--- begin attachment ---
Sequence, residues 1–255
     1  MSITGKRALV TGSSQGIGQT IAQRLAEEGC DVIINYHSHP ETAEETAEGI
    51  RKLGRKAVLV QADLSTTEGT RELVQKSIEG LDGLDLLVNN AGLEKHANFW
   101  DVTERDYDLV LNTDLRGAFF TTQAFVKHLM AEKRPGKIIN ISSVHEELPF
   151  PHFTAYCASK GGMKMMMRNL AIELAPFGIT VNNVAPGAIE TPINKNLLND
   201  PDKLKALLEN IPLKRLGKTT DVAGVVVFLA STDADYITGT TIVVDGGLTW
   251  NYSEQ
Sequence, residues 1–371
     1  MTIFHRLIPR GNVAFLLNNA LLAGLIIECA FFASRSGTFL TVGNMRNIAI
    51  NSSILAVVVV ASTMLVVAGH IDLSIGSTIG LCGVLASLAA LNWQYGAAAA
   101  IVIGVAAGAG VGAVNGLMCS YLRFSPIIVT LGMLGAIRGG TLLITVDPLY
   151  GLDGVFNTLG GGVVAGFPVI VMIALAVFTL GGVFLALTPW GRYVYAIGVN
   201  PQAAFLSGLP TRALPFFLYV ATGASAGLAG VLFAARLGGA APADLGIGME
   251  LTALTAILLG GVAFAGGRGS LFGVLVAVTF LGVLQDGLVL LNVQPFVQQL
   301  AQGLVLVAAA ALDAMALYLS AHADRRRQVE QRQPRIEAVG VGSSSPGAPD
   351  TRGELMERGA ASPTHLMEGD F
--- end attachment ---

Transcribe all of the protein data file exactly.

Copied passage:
Sequence, residues 1–255
     1  MSITGKRALV TGSSQGIGQT IAQRLAEEGC DVIINYHSHP ETAEETAEGI
    51  RKLGRKAVLV QADLSTTEGT RELVQKSIEG LDGLDLLVNN AGLEKHANFW
   101  DVTERDYDLV LNTDLRGAFF TTQAFVKHLM AEKRPGKIIN ISSVHEELPF
   151  PHFTAYCASK GGMKMMMRNL AIELAPFGIT VNNVAPGAIE TPINKNLLND
   201  PDKLKALLEN IPLKRLGKTT DVAGVVVFLA STDADYITGT TIVVDGGLTW
   251  NYSEQ
Sequence, residues 1–371
     1  MTIFHRLIPR GNVAFLLNNA LLAGLIIECA FFASRSGTFL TVGNMRNIAI
    51  NSSILAVVVV ASTMLVVAGH IDLSIGSTIG LCGVLASLAA LNWQYGAAAA
   101  IVIGVAAGAG VGAVNGLMCS YLRFSPIIVT LGMLGAIRGG TLLITVDPLY
   151  GLDGVFNTLG GGVVAGFPVI VMIALAVFTL GGVFLALTPW GRYVYAIGVN
   201  PQAAFLSGLP TRALPFFLYV ATGASAGLAG VLFAARLGGA APADLGIGME
   251  LTALTAILLG GVAFAGGRGS LFGVLVAVTF LGVLQDGLVL LNVQPFVQQL
   301  AQGLVLVAAA ALDAMALYLS AHADRRRQVE QRQPRIEAVG VGSSSPGAPD
   351  TRGELMERGA ASPTHLMEGD F